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Gore Family Values

Table A

Table B

Mary Elizabeth Aitcheson and Albert Arnold Gore Jr. met at a prep school prom in 1964, when she was sixteen and he was a year older. They began dating steadily, and married soon after she finished college. They have been together ever since. By most measures theirs has been a conventional family. She took his name and stayed at home to raise four children, always adapting to the demands of his career. (In the 1980s, she launched a campaign against what she called “porn rock” music, which got her lots of headlines but had no evident effect.) After the 2000 election, the Gores essentially dropped from public view. It now appears that they were devoting much of their time to writing a long and amply documented book on the state of family life in today’s America.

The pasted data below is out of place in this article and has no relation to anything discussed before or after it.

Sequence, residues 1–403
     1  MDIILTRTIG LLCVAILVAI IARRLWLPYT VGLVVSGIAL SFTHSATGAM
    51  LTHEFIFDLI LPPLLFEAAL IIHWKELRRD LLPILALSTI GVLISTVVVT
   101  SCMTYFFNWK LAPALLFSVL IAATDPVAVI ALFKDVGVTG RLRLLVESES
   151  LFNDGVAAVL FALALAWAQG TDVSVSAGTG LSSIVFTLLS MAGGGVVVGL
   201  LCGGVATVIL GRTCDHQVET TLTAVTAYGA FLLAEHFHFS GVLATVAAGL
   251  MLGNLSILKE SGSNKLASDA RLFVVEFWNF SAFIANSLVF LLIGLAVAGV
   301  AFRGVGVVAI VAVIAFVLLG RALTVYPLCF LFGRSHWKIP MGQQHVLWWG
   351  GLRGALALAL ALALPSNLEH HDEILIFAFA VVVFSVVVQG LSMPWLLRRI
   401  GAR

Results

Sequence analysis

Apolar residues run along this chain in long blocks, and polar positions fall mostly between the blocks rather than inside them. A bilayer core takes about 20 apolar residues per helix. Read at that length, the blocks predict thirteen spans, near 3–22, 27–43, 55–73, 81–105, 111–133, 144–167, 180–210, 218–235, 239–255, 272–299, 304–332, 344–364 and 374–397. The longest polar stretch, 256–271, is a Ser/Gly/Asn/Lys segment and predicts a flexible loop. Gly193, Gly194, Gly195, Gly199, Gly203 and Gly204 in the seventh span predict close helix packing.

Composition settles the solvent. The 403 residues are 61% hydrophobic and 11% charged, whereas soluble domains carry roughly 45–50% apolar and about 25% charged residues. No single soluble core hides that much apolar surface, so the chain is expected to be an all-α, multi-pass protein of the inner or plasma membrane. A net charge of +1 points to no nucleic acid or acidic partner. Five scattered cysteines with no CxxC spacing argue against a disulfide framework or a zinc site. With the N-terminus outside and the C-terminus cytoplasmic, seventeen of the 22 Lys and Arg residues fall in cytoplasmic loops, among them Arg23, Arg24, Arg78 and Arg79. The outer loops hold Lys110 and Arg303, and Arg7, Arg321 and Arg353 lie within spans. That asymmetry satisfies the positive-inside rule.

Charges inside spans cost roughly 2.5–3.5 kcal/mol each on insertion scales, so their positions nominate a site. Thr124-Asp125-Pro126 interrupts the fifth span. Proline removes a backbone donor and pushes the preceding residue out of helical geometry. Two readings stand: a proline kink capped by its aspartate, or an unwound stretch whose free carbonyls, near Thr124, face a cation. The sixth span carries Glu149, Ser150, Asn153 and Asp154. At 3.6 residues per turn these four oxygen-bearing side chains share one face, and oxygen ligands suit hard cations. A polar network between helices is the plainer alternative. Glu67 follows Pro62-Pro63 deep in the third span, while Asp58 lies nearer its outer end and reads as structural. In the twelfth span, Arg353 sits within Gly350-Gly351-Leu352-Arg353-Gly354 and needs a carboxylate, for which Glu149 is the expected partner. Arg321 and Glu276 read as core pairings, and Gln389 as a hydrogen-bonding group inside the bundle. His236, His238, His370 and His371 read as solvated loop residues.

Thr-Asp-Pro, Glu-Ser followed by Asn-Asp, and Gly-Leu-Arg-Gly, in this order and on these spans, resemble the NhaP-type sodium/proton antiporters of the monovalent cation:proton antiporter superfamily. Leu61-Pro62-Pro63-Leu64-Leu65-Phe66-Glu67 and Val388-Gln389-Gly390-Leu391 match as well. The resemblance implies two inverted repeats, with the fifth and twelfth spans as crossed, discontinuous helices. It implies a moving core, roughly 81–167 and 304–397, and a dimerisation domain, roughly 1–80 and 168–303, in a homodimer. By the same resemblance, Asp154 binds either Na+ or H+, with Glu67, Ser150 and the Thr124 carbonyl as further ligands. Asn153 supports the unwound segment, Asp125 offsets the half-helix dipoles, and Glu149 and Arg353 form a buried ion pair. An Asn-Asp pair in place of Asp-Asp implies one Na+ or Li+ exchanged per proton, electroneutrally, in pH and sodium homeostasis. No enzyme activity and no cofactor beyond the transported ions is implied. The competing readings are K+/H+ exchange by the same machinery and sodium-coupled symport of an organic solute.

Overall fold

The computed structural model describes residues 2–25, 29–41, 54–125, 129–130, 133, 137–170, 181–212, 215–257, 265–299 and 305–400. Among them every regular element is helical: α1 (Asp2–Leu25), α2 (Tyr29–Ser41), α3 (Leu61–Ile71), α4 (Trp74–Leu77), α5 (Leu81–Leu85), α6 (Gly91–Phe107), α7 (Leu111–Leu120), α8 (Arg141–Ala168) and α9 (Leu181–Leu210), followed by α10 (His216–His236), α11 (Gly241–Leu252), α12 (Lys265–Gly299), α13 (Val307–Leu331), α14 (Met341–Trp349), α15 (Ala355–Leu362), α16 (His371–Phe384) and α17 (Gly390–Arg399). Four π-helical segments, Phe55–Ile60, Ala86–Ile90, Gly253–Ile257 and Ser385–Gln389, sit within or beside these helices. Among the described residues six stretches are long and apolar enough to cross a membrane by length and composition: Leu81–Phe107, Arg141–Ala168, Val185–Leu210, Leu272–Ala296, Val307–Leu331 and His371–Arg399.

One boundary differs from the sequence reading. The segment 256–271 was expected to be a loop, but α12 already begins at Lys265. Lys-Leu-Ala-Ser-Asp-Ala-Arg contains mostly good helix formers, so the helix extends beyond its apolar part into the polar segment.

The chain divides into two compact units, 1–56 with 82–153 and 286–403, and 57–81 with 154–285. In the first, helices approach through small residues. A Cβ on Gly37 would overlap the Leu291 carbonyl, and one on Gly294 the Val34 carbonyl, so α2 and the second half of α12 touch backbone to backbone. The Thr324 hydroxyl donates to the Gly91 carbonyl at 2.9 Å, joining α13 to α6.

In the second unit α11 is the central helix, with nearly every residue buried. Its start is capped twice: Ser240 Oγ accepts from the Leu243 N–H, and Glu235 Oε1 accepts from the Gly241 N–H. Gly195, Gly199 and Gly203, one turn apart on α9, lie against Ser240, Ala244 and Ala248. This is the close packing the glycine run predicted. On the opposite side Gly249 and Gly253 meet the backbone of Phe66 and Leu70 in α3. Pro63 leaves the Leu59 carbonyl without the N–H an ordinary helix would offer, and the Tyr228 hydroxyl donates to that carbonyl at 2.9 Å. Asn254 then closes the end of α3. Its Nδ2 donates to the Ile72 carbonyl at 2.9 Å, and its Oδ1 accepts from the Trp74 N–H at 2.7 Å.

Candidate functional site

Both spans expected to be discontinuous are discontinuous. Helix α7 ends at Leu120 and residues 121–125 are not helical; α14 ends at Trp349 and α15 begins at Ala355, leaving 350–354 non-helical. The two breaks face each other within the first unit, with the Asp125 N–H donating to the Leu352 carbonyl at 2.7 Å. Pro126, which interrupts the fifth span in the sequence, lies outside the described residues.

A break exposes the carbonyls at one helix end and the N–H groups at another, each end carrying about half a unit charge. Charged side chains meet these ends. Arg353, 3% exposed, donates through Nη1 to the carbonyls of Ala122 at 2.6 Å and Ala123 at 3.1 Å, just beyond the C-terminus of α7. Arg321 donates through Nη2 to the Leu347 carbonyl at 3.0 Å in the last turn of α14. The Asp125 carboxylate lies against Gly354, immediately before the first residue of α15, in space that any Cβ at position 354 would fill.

They have chosen a sensitive subject, sensitive not least because it can prompt judgments about how millions of people are conducting their lives. Moreover, ideology almost always intrudes on any discussion of the family. Ideas and issues tend to divide along right-wing vs. liberal lines, largely reflecting the preemption by conservatives of the phrase “family values.” The conservative position has been elaborated in books by Barbara Dafoe Whitehead (The Divorce Culture), Wendy Shalit (A Return to Modesty), Maggie Gallagher (The Abolition of Marriage), and Dana Mack (The Assault on Parenthood), most of which have been reviewed in these pages.1 Since the general perspective of such writers is well known, its precepts can be briefly summarized. First, all children should be born to parents who are married, and the parents should stay wed until one of them dies. Single persons should abstain from sex, and marriage must be confined to heterosexual partnerships. Today, few conservatives object to contraception, and many allow latitude for women taking jobs. (Indeed, they insist that single mothers work, rather than stay on the welfare rolls.) They are troubled by sex even among older unmarried adults, and even if they are faithfully living together in informal arrangements. One worry is that sex in the movies and television will embolden teenagers to have sex and bear children they can’t look after properly.